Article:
There are no proper cures for asthma. However, the symptoms can be effectively controlled. Avoiding exposure to allergens is proven to be an effective way to decrease the inflammation of the airway. Apart from that, immunotherapy could also be used to cause desensitization to the allergens. Two major types of immunotherapy are used on the treatment of asthma, which include allergy shots and sublingual tablets, both consisting of weakened allergens that improve the immunological responses of the body. Allergy shots with increasing concentrations are injected into a patient over a period of time, whereas sublingual tablets used to treat chronic disorders could be dissolved under the tongue of a patient, and be used daily for about 3 years .
Two major drugs are used to control asthma, which include short-acting inhaled beta2-agonists and anticholinergics. They are responsible for the expanding the constricted airways, resulting in normal functioning of air transport. Corticosteroids could be used in order to reduce inflammation, however it should be noted that corticosteroids are proven to be dangerous if taken without a medical prescription . Other medications include non-steroidal anti-inflammatory drugs, beta blockers, angiotensin-converting enzyme inhibitor and aspirin .
Future Treatments & Potential Clinical Trials for Asthma
The drugs designed for the management of symptoms related to asthma could have their delivery methods improved. They could be delivered directly to the affected airway or to the site of the disease in order to improve its effectiveness and decrease the cases of side effects . The relationship between pathogenesis of asthma and the interaction of sensitization during childhood could be studied in order to improve the treatments. Also, proper understanding of immunological reactions happening in adult bodies due to unknown allergens present at the workplaces could result in advances on the treatment of asthma.
- 1) Kudo Makoto, “Pathology of asthma”, Frontiers in Microbiology 2013.
- 2) Loo Su-Ling, Wark Peter, “Recent advances in understanding and managing asthma”, F1000 Research 2016.
- 3) Catherine Durham, “Adult asthma: Diagnosis and treatment”, The Nurse Practitioner 2017.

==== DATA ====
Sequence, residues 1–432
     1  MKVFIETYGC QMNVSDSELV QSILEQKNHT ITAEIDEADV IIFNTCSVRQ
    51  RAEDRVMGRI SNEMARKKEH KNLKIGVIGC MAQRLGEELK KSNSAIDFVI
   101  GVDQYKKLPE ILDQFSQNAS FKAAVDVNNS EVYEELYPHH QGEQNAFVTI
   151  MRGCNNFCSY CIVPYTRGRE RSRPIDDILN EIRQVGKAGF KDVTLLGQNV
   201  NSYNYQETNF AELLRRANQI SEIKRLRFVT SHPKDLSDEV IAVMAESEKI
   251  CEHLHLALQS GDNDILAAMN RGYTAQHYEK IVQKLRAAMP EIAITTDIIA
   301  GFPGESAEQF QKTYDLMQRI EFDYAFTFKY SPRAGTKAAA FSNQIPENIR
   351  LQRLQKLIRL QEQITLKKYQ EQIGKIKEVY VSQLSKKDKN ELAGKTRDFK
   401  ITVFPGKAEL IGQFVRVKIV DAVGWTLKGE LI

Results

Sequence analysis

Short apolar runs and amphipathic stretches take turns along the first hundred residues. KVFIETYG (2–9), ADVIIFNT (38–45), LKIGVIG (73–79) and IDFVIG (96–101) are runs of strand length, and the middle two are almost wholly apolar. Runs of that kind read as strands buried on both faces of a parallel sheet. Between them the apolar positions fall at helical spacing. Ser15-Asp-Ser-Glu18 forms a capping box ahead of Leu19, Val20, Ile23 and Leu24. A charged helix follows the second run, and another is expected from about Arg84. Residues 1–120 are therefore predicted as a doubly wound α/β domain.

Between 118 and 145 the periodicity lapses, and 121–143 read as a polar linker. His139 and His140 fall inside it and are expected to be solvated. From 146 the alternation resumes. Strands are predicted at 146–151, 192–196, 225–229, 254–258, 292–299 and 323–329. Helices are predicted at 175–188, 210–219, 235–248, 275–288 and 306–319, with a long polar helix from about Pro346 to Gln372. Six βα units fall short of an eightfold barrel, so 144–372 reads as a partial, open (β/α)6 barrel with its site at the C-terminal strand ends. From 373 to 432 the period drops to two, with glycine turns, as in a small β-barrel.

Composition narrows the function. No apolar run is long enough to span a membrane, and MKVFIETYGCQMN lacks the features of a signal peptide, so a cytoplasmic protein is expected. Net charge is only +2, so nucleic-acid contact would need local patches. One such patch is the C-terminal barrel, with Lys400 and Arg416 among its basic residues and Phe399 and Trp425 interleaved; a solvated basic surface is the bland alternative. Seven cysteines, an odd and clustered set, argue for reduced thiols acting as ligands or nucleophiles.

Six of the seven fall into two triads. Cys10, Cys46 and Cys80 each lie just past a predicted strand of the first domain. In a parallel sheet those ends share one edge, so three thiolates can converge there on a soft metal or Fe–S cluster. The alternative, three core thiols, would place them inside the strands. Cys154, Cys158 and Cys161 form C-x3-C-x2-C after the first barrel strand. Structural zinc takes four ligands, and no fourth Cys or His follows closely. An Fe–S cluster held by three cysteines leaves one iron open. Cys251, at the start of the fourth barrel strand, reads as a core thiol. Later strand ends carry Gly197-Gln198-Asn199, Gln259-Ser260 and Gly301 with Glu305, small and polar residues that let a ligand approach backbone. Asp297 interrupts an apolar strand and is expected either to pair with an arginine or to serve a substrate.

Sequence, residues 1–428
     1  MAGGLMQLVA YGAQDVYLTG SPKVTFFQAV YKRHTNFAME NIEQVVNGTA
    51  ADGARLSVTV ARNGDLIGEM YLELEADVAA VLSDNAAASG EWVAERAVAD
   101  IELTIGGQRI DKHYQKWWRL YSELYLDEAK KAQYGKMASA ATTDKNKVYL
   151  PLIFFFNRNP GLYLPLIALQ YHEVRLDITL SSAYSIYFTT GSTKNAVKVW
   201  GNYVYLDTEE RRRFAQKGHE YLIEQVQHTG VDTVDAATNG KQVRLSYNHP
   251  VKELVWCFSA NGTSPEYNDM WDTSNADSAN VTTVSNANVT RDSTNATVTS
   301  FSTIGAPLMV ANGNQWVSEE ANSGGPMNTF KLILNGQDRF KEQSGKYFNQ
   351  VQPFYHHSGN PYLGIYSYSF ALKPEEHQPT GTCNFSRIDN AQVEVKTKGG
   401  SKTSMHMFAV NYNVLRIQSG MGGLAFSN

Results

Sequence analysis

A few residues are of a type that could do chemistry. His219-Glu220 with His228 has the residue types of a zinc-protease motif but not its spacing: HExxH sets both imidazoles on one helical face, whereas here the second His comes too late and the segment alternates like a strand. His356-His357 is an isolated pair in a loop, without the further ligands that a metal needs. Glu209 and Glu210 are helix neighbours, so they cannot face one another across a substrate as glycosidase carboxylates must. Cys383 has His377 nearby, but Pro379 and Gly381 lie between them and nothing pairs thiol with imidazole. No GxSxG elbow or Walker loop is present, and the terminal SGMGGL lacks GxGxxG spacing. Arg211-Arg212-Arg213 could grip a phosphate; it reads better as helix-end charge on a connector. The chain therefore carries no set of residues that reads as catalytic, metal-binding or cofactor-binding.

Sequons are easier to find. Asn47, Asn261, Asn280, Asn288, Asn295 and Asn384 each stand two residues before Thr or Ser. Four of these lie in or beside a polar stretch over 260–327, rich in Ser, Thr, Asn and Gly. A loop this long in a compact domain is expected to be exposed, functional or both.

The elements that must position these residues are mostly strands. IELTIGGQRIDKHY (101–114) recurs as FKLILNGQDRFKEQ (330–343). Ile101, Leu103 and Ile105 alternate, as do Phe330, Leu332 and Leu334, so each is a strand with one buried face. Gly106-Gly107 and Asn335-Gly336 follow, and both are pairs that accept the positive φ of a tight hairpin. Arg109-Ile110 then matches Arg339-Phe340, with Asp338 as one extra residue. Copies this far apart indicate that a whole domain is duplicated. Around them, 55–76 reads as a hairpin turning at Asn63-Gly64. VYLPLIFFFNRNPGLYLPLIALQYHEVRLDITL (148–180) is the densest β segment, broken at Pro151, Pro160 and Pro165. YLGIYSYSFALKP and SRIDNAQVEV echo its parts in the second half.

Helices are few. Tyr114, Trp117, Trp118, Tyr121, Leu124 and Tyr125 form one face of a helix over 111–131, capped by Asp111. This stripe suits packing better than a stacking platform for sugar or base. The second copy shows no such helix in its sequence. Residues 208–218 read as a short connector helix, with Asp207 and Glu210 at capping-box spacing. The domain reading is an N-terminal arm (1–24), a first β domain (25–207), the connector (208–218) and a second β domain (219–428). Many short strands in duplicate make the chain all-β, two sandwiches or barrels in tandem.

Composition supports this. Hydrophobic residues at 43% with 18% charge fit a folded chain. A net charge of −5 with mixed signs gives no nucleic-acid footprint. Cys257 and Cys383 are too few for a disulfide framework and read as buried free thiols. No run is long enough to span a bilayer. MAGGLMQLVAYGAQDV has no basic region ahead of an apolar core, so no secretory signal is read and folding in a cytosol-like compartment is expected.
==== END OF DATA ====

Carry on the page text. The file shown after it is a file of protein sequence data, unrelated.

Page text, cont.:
- 4) https://www.aafa.org/asthma-diagnosis/ visited on 19 February 2019.
- 5) https://acaai.org/asthma/asthma-treatment visited on 19 February 2019.
More Info From Wikipedia
Asthma is a common long-term inflammatory disease of the airways of the lungs. It is characterized by variable and recurring symptoms, reversible airflow obstruction, and easily triggered bronchospasms. Symptoms include episodes of wheezing, coughing, chest tightness, and shortness of breath. These may occur a few times a day or a few times per week. Depending on the person, they may become worse at night or with exercise.
Asthma is thought to be caused by a combination of genetic and environmental factors. Environmental factors include exposure to air pollution and allergens. Other potential triggers include medications such as aspirin and beta blockers. Diagnosis is usually based on the pattern of symptoms, response to therapy over time, and spirometry. Asthma is classified according to the frequency of symptoms, forced expiratory volume in one second (FEV1), and peak expiratory flow rate. It may also be classified as atopic or non-atopic, where atopy refers to a predisposition toward developing a type 1 hypersensitivity reaction.
There is no cure for asthma. Symptoms can be prevented by avoiding triggers, such as allergens and irritants, and by the use of inhaled corticosteroids. Long-acting beta agonists (LABA) or antileukotriene agents may be used in addition to inhaled corticosteroids if asthma symptoms remain uncontrolled. Treatment of rapidly worsening symptoms is usually with an inhaled short-acting beta-2 agonist such as salbutamol and corticosteroids taken by mouth. In very severe cases, intravenous corticosteroids, magnesium sulfate, and hospitalization may be required.
In 2015, 358 million people globally had asthma, up from 183 million in 1990. It caused about 397,100 deaths in 2015, most of which occurred in the developing world. It often begins in childhood. The rates of asthma have increased significantly since the 1960s. Asthma was recognized as early as Ancient Egypt. The word "asthma" is from the Greek ἅσθμα, ásthma, which means "panting".
Source: Wikipedia - Ashtma
Page last reviewed 6/13/2019